Giving Pacman a lesson
|Posted by Manila Mail under The Eye|
By Joseph G. Lariosa
If he were not a boxer, Oscar De La Hoya would have been an architect or a draftsman.
But because he has a boxing pedigree (his grandfather, Vicente, his father, Joel, and his older brother, Joel, Jr. were boxers), Oscar aspired to become an Olympic gold medalist when he was in the sixth grade, a dream he would realize when he won the boxing gold medal at the 1992 Barcelona Olympics.
But as his professional boxing career-turned promoter took off and picked up steam, he tried to lure a promising Filipino boxer named Manny Pacquiao to join his corner for his Golden Boy Promotions.
While Oscar was able to sign Mr. Pacquiao up in his stable, Mr. Pacquiao took a sudden about- face and spurned their contract and signed up with Golden Boy’s rival, Bob Arum’s Top Rank Promotions.
This is a traumatic incident in his promoter’s career that the ten-time world champion just cannot forget.
When he relented to the taunts of some of Team Pacquiao’s people that Oscar is beatable by Manny, Oscar used Manny’s snub of his contract to reinforce his motivation to fight the best pound-for-pound boxer in the world.
In his upcoming fight with the 31-year-old Manny Pacquiao on Dec. 6, 2008 at the 12-round, 147-pound welterweight bout dubbed as “Dream Match” at MGM Grand in Las Vegas, Nevada, Oscar wants also to be a teacher – to teach Manny a basic lesson in good manners and right conduct – that if you agree with someone, you have to abide by that agreement no matter the cost.
De La Hoya believes by beating Pacquiao, the four-time world champion, Oscar will have the last word — that Manny will learn from his mistake.
At the press conference at the penthouse of Sears Tower in Chicago , Illinois last Thursday (Oct. 2nd ), De La Hoya and Pacquiao were seated so near each other yet there never was an instance that they ever looked eye to eye to each other nor talk to each other.
Because Oscar believes that respect is earned and not served in a silver platter, no matter how he tells Mr. Pacquiao of his mistake, Manny will never listen to him – until Oscar can beat Manny.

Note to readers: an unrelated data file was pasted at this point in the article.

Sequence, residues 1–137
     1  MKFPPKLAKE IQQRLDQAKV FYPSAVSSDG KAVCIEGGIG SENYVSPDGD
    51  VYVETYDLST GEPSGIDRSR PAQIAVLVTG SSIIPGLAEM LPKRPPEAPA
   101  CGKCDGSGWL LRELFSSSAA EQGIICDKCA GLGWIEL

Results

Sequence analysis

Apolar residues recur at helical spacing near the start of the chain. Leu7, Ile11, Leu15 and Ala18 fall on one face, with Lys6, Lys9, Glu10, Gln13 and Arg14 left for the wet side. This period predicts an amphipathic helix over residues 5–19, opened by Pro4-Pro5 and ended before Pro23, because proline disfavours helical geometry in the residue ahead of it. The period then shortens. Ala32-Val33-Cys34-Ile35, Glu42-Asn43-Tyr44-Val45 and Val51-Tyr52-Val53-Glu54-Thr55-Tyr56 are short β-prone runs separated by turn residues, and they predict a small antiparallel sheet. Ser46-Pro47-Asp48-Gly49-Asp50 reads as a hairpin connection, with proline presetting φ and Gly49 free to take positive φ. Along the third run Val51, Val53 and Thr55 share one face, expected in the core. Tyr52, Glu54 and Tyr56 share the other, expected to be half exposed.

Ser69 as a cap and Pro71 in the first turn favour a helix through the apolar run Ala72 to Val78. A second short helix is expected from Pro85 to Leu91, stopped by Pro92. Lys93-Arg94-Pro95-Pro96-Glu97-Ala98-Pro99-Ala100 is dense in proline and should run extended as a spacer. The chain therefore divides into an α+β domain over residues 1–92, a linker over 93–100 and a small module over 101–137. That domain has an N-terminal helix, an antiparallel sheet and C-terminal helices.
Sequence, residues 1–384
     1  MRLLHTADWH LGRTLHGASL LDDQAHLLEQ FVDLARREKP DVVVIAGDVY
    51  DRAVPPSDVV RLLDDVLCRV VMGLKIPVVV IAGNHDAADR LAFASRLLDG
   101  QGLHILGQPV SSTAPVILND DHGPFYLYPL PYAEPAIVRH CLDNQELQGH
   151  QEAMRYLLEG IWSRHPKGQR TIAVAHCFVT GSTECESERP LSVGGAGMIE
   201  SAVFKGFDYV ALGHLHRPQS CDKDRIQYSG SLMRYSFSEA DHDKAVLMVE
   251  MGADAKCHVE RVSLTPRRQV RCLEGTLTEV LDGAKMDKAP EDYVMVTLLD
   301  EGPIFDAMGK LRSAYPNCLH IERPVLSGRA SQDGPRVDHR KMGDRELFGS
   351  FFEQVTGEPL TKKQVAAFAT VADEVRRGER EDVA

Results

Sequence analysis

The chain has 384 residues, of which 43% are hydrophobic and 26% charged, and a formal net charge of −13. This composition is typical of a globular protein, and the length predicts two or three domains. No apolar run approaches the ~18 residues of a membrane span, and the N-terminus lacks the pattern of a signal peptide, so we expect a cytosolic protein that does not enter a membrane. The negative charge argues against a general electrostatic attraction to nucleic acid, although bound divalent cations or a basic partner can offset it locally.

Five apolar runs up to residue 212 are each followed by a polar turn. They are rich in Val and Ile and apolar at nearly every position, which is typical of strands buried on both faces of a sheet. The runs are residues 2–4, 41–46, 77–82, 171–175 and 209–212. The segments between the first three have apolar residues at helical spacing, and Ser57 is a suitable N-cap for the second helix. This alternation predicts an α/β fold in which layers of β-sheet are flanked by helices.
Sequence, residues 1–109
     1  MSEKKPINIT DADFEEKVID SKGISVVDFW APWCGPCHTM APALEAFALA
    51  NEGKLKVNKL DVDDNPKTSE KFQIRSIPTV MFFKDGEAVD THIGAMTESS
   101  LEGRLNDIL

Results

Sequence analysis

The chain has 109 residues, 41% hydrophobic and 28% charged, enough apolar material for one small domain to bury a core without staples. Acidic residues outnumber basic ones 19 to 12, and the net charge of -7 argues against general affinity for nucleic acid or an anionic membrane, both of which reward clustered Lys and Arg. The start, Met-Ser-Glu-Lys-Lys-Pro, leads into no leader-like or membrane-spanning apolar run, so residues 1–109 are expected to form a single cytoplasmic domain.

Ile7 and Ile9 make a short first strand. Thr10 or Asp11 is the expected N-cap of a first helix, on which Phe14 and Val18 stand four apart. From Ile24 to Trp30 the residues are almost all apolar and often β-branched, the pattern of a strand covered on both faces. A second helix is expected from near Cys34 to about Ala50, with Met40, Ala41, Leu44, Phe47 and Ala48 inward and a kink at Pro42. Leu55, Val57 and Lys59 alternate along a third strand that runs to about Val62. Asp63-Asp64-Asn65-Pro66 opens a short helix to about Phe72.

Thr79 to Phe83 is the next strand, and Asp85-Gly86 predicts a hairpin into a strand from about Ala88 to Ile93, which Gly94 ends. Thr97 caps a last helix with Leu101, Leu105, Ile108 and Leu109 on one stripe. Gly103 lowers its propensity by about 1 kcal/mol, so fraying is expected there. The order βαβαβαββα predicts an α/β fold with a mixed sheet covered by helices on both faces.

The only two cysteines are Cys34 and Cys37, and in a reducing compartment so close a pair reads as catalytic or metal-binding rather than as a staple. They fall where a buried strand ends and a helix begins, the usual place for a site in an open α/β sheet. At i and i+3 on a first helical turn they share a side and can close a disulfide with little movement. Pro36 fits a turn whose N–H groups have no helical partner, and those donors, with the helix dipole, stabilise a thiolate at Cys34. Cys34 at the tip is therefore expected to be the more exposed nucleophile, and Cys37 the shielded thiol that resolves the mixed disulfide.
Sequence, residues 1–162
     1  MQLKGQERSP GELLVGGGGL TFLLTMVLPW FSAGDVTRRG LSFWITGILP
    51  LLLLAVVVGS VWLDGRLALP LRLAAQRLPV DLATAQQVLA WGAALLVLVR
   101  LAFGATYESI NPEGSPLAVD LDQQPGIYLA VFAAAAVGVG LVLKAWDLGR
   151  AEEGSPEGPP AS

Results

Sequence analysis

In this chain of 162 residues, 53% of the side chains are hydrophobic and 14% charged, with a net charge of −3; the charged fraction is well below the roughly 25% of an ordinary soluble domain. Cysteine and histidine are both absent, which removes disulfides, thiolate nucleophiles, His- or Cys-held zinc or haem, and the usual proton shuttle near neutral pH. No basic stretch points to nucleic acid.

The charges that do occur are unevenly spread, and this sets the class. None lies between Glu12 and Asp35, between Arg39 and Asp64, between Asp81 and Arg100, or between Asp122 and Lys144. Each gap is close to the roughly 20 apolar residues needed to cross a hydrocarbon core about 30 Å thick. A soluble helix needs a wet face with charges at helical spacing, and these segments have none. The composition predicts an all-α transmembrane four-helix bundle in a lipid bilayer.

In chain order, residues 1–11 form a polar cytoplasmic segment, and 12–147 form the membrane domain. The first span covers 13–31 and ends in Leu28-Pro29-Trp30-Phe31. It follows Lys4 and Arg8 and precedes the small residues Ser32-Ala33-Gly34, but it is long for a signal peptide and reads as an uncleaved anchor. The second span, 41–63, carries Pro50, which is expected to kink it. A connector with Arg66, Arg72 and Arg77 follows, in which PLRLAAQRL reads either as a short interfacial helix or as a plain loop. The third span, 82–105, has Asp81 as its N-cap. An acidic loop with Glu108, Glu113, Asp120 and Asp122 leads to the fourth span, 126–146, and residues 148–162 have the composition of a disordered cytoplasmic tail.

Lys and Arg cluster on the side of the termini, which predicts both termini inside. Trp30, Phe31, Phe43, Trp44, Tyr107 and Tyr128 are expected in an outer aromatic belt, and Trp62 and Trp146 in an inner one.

De La Hoya said he is “looking to get his revenge in this fight. This fight is personal for me. When he (Manny) signed that contract with (his) Golden Boy Promotions and the next day, he signed with Top Rank (promotions),” it only meant that Manny did not respect him, he suggested.
“When you look into my eyes, and you give me your word of honor (palabra de honor) and you go back to it,” it is not a sign of respect for him, he said.
“This is like a revenge for me. In boxing, you look for a knockout” to send your message. “This is my motivation in this fight,” he explained. It appears that De La Hoya is going to have allies from about 135 disgruntled Filipino boxing fans in Chicago’s suburbs of Northbrook, Illinois, who were disappointed when they were stood up by Manny at a “meet-and-greet” and concert event dubbed as “A Night With The Champ” Thursday night coinciding with the press conference of Manny and Oscar early in the day.
In a telephone call from Houston , Texas to his fans at the Radisson Hotel in Northbrook , Manny told his fans, “Talagang gusto ko pong magpa-iwan kanina, ako’y walang magawa. Bantay-sarado sa akin si Bob Arum.” (I really wanted to stay behind earlier. But I cannot do anything. I was closely guarded by Bob Arum (his boxing promoter).”
One of the performers, Lito Camo, who was to sing with Manny at the concert, joked and told Pacquiao over the cell phone that was phone-patched to a microphone, “Sabi ng mga kababayan mo sana hindi ka na raw sumakay sa eroplano. Dapat nagbarko ka na lang/.” (According to your countrymen, you should not have boarded the plane. You should have just boarded a ship.) It was followed by laughter and Manny hung up the phone without even apologizing.
If Manny had a contract with the concert organizers to appear in the concert, why did he not tell Mr. Arum of his commitment? Why did he let his fans go to the hotel, waste their time, gasoline and money when he knew that he could not make it?
I remember in the Philippines when movie goers were not able to watch the movies they paid for, they would be screaming “posporo (match), posporo (match),” suggesting to burn the movie house. Other moviegoers would destroy the chairs of the movie house in disgust because they felt that they were had.